It comes as no surprise, the battle of Gettysburg is probably one of the most notorious and bloody events throughout the American Civil War. Of course, there's no shortage of ghost stories surrounding this place. On the battlefield itself, there's a cluster of rocks known as the "Devil's Den". However, aside from the paranormal aspects, there's a large amount of historical significance.
"Devil’s Den is the name given to a ridge strewn with large boulders south of the town of Gettysburg, Pennsylvania, and about 500 yards west of Little Round Top on the Battle Of Gettysburg battlefield. The origin of the name is uncertain. On July 2, 1863, the second day of the Battle of Gettysburg, the area around Devil’s Den saw intense fighting as part of General Robert E. Lee’s flank attacks, when Lieutenant General James Longstreet’s Confederate corps attacked the divisions of Major General Daniel Sickles’ III Corps of the Army of the Potomac. Some 5,500 Confederates from Major General John Bell Hood’s division ultimately captured Devil’s Den from 2,400 defenders drawn from Major General David Bell Birney’s division. It was one of the few Southern successes in that day’s fighting. Total casualty estimates are over 800 for the Union, more than 1,800 among the Confederates." (https://www.historynet.com/devils-den-gettysburg/)
With that in mind, many tourists have claimed too see the ghost of a "bare-footed man" who wears a floppy hat. Interestingly, this ghostly man has a similar appearance to a group of men that came from Texas, and participated in the bloody battle of Gettysburg.
Video by: Gettysburg Paranormal Association
Here's something interesting to point out:
When people die, and they choose a formal burial; they are often buried without shoes. Furthermore, this is often because no one actually sees the dead person's feet, right? So, would it not be fair to assume this "bare-footed man" was, in fact, a ghost? Drawing from his physical description, it sounds like he could have been one of the men from Texas fighting at Gettysburg. He's also not wearing shoes. For example, think of the 1969 album cover of Abbey Road from The Beatles. Paul McCartney is the "dead man", and he's not wearing shoes once the group crosses the titular road.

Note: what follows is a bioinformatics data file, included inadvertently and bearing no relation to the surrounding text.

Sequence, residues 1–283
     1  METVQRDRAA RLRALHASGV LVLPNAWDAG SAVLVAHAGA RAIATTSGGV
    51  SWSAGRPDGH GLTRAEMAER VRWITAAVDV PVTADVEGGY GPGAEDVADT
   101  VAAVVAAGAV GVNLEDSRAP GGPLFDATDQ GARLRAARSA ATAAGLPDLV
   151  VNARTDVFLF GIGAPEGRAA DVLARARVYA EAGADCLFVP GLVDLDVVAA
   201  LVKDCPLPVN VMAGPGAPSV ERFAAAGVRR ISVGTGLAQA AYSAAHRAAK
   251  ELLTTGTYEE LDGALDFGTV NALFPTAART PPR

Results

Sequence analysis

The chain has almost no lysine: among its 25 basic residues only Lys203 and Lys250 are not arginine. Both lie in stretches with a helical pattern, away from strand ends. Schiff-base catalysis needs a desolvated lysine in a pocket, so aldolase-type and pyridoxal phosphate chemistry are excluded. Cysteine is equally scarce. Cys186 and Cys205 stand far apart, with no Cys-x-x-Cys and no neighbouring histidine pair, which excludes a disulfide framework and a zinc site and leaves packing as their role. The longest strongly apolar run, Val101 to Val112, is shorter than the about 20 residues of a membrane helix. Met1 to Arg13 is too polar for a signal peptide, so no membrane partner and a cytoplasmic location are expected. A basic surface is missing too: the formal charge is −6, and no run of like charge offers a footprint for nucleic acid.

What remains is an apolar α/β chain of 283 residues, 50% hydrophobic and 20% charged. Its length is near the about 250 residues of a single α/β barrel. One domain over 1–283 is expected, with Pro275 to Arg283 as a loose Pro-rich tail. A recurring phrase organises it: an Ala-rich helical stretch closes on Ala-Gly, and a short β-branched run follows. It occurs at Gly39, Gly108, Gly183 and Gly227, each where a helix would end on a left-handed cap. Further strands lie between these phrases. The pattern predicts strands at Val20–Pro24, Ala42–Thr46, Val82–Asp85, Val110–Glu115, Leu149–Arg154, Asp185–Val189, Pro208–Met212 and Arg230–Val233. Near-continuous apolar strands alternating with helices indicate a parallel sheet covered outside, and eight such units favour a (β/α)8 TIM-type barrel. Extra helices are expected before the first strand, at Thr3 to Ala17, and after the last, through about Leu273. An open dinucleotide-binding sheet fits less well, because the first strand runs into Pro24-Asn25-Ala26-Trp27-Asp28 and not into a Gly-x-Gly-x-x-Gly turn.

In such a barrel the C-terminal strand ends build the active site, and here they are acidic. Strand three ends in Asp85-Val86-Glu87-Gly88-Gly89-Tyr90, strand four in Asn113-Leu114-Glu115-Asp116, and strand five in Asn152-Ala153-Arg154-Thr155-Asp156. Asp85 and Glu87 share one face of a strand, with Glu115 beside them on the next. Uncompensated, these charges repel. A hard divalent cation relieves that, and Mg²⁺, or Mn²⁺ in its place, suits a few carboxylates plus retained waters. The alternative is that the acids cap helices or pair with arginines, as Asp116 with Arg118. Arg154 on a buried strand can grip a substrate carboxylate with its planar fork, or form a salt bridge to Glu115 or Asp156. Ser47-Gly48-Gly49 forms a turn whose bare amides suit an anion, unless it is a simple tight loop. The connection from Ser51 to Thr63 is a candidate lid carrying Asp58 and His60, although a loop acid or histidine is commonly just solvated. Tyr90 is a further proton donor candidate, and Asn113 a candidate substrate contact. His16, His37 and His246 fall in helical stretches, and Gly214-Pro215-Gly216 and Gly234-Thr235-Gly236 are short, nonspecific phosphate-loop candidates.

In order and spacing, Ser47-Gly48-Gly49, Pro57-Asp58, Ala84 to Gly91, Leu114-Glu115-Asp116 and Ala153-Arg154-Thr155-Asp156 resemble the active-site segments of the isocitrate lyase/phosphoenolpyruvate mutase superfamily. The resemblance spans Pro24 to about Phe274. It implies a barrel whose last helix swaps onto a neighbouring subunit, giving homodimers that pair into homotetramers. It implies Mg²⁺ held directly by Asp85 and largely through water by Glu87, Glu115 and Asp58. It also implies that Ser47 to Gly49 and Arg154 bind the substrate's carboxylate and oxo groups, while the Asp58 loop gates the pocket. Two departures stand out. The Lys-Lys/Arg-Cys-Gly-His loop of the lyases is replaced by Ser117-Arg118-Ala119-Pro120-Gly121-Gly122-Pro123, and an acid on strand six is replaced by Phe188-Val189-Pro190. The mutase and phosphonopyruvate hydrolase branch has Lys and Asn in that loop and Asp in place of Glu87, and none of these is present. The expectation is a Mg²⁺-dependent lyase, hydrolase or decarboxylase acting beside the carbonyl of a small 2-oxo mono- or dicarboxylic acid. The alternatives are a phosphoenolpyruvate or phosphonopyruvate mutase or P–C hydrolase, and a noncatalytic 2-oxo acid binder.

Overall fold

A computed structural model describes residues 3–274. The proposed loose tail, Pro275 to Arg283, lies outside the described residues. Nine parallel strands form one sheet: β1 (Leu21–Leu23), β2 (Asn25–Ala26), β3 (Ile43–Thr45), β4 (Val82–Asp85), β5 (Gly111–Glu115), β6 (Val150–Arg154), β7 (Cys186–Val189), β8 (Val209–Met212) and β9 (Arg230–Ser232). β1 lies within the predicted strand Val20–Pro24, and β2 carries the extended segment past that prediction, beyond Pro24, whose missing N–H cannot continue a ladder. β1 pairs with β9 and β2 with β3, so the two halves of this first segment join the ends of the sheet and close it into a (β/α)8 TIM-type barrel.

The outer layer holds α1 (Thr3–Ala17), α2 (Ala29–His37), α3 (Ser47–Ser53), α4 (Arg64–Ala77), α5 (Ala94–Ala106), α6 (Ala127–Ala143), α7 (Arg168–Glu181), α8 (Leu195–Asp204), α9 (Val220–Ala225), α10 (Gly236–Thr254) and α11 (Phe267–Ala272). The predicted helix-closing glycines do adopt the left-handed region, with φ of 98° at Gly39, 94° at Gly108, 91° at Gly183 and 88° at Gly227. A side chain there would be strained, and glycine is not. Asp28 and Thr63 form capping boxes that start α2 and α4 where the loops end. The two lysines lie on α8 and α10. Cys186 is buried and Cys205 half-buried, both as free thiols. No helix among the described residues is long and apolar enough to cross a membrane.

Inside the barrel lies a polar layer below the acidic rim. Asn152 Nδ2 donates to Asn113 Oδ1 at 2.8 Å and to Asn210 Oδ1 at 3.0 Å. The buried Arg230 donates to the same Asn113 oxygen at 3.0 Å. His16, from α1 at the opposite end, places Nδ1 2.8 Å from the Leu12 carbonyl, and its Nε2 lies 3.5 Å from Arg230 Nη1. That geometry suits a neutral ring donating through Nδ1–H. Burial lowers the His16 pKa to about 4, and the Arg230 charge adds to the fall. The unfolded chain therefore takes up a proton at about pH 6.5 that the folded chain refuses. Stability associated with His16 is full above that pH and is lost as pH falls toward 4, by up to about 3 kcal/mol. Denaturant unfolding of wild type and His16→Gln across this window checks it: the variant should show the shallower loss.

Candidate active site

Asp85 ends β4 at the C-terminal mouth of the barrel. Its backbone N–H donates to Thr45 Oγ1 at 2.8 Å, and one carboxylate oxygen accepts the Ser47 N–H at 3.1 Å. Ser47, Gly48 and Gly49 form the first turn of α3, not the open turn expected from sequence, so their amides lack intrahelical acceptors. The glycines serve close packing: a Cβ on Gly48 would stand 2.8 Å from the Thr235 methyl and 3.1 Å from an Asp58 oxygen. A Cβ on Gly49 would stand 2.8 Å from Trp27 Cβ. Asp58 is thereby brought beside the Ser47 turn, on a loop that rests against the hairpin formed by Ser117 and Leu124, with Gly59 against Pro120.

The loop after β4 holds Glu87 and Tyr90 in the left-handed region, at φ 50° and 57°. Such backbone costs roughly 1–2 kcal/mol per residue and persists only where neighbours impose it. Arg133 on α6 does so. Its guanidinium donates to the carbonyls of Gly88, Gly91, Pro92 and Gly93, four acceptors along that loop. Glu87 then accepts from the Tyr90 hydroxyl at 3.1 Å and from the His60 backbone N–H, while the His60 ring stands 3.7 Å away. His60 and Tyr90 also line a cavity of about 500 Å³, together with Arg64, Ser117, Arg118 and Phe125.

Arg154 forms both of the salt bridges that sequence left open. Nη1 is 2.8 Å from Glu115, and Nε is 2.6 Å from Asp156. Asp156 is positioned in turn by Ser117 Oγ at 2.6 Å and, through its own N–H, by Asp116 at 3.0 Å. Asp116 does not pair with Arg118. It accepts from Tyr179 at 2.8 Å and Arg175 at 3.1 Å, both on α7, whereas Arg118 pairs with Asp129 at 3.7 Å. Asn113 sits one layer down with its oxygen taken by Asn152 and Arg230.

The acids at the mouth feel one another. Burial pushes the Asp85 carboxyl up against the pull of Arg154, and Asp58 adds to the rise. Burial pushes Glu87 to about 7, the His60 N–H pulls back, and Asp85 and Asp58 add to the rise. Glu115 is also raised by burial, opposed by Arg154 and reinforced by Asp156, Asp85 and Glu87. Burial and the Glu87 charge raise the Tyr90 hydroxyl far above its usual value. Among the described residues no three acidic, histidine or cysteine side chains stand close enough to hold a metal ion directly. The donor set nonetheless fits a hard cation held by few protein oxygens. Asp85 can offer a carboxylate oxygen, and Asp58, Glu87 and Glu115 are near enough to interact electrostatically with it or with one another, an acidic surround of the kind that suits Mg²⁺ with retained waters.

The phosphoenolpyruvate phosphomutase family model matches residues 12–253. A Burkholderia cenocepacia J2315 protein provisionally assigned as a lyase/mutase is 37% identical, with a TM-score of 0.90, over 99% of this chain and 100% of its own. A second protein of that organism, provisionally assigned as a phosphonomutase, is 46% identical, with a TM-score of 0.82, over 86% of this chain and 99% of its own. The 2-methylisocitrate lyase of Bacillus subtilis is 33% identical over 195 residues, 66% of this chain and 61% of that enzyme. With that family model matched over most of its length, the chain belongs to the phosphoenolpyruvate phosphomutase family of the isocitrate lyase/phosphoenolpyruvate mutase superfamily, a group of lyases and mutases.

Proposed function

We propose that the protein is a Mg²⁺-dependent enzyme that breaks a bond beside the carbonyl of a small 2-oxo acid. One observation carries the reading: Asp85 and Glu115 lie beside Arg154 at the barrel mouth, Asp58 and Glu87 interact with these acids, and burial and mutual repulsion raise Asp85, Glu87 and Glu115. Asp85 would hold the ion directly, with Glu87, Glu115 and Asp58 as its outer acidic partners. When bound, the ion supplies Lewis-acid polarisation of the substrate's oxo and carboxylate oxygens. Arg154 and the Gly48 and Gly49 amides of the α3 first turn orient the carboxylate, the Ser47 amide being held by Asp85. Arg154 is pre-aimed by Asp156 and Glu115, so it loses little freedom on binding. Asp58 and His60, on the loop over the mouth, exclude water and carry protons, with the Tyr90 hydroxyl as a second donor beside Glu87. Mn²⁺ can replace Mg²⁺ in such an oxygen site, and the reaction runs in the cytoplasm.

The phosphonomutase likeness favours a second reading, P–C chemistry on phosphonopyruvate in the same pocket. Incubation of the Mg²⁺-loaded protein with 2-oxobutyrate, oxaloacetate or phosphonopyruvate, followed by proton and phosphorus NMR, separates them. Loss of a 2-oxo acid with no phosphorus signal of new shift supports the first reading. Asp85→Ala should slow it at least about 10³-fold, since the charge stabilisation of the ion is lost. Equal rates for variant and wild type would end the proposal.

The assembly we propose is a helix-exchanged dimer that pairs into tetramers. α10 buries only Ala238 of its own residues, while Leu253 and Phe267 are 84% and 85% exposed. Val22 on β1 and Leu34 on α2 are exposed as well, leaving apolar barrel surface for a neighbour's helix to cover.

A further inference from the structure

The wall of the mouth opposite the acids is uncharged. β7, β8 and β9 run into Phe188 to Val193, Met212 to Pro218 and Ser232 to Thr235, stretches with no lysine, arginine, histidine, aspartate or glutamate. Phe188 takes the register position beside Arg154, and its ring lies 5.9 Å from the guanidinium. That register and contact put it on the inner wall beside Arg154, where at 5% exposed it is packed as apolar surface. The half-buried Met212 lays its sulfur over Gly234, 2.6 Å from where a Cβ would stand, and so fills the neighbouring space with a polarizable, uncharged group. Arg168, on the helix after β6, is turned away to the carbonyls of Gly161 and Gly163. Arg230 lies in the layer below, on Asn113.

McCartney is second from the left, and not wearing shoes.
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The 16th President of the United States was synonymous with the American Civil War, even though his assassination took place before the war had actually come to an end. Not surprisingly, there are some conspiracy theories as to whether John Wilkes Booth was actually killed just a few days after he took the President's life. Some people say he survived, and died some time during the 1900s. However, that's probably not true.
Following Abraham Lincoln's death, some people have claimed his spirit lives on in the White House. For decades, former presidents, first ladies, and even staff members of the building have either seen Lincoln's ghost, or felt his presence. During the final years of his life, Lincoln hardly slept, and more or less aged beyond his years. Lincoln was 56 at the time of his death.
(c) Washington Week PBS
In 1842 (then 33), Lincoln married Mary Todd. His wife was fascinated by the supernatural, which led to the future president's own interest in spiritualism. In some cases, the ghost of Abraham Lincoln has made its presence known in times of crisis.
(c) ABC News
More specifically, Lincoln's ghost was seen quite often during the administration of President Franklin Delano Roosevelt. When Roosevelt was elected in 1933, the United States had just recently entered the Great Depression. By 1941, the country entered the Second World War. Although First Lady Eleanor Roosevelt denied ever seeing Lincoln's ghost, she did admit she felt his presence as her study was once his bedroom.
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